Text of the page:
After London riots, some bemoan damage to city's image ahead of 2012 Olympics
Olympians and businessmen express concern that a week of riots have hurt the city's image as a safe, world-class venue for the 2012 Summer Olympics.
The timing probably couldn’t have been much worse.
Footage of looting, arson, and pitched battles with police dressed in riot gear played out on national and international televisions, raising questions about London’s reputation as safe and multicultural and one of the world's premier cities.
While Prime Minister David Cameron and senior ministers concentrated on quelling the last of the unrest in English cities, others such as business people and athletes are assessing the damage to the country’s reputation abroad and the impact on next summer’s Olympics.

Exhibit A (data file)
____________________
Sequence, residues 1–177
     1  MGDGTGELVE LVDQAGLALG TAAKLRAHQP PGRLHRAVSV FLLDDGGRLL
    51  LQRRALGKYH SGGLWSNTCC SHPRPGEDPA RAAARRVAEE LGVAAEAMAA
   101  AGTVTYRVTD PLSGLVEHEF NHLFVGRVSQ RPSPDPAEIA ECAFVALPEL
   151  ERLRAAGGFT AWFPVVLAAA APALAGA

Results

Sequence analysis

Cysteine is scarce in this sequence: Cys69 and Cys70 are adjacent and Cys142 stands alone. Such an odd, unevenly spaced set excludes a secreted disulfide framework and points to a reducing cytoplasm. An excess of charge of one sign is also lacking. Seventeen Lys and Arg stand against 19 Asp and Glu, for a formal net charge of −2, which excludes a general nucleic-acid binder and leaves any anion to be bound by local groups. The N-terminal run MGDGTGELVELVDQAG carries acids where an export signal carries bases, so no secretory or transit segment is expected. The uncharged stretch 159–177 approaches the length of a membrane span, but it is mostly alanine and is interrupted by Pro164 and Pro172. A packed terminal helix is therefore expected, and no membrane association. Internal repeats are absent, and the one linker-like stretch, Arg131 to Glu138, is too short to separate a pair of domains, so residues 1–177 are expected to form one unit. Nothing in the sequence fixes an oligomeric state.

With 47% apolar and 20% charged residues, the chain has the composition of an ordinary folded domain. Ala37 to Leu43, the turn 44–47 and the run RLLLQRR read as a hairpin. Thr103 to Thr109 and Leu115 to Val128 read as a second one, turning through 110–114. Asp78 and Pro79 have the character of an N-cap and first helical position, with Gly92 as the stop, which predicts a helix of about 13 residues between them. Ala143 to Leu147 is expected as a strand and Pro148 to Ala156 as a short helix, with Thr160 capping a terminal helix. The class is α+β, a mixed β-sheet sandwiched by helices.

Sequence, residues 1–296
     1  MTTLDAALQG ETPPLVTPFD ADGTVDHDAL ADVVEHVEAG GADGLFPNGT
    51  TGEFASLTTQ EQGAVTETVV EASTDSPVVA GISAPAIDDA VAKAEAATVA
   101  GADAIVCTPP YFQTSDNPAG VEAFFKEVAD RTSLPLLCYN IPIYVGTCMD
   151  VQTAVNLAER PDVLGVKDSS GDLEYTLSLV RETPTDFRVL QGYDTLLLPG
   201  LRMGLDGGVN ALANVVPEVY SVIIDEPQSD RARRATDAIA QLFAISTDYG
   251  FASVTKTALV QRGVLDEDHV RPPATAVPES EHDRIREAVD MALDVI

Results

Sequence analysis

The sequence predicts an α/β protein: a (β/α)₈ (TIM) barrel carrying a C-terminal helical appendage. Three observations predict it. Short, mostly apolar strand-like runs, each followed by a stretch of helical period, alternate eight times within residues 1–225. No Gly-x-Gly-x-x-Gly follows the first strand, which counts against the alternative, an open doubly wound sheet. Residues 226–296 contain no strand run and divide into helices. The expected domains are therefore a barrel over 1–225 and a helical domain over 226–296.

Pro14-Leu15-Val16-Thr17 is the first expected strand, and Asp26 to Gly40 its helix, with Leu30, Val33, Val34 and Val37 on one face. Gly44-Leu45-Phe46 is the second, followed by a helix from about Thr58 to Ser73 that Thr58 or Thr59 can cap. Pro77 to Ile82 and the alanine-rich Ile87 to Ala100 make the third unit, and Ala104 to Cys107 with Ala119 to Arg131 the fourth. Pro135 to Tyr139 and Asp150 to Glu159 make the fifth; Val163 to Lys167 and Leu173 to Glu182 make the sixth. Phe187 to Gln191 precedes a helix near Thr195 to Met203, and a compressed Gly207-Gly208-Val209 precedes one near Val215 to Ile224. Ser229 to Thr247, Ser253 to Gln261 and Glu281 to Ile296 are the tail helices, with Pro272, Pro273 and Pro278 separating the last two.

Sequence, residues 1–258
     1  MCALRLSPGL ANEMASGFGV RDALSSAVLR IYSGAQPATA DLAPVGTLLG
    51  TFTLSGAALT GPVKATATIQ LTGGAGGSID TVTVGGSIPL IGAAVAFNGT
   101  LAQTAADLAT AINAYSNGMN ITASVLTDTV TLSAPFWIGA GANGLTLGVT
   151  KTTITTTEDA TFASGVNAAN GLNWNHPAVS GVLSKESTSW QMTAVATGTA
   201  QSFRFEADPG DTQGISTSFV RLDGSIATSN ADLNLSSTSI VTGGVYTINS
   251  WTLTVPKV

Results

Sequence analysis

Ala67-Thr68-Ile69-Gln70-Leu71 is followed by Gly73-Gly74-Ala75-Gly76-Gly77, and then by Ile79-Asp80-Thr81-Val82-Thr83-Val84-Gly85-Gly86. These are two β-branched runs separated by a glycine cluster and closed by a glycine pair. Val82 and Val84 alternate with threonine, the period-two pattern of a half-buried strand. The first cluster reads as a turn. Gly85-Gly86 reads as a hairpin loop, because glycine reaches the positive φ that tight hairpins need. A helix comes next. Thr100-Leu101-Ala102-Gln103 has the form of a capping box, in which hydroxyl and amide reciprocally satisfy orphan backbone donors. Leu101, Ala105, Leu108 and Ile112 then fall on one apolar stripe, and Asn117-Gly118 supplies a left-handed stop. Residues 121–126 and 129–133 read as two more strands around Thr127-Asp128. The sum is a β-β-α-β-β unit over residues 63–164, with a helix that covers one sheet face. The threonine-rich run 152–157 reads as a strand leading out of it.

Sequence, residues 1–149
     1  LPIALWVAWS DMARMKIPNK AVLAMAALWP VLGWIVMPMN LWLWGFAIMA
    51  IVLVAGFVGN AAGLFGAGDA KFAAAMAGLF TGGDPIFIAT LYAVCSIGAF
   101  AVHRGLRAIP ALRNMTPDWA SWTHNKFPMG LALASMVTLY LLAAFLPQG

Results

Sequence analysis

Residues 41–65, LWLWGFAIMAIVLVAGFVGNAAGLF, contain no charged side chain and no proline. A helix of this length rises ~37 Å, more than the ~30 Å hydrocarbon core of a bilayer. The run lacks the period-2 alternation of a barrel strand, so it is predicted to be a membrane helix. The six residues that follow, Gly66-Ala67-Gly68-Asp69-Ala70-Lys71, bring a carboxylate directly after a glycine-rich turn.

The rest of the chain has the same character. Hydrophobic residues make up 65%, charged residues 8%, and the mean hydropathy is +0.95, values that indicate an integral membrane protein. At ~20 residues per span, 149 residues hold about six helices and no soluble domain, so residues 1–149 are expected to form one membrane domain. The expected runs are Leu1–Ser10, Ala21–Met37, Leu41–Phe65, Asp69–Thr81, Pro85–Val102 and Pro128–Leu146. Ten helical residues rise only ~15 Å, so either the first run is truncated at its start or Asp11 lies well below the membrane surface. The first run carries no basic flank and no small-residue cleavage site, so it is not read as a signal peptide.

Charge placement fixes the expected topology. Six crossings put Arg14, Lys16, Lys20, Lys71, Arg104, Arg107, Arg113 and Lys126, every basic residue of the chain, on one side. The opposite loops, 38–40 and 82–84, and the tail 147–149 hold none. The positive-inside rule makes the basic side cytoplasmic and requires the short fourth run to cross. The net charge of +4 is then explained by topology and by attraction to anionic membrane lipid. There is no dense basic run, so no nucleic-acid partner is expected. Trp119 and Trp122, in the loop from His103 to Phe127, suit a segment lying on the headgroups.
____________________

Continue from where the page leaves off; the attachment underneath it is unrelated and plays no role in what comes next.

'The country at its very worst'
However their claims were undermined by the discovery that one of the rioters was 18-year-old Olympic ambassador Chelsea Ives, who was allegedly caught on camera throwing bricks at a Vodafone shop window at the height of the rioting in Enfield, north London. Her mother turned her into police after seeing footage of the riots, landing Ives in custody on two counts of burglary and throwing masonry at a police car. Her photo has been splashed across the British media.
Page 1 of 4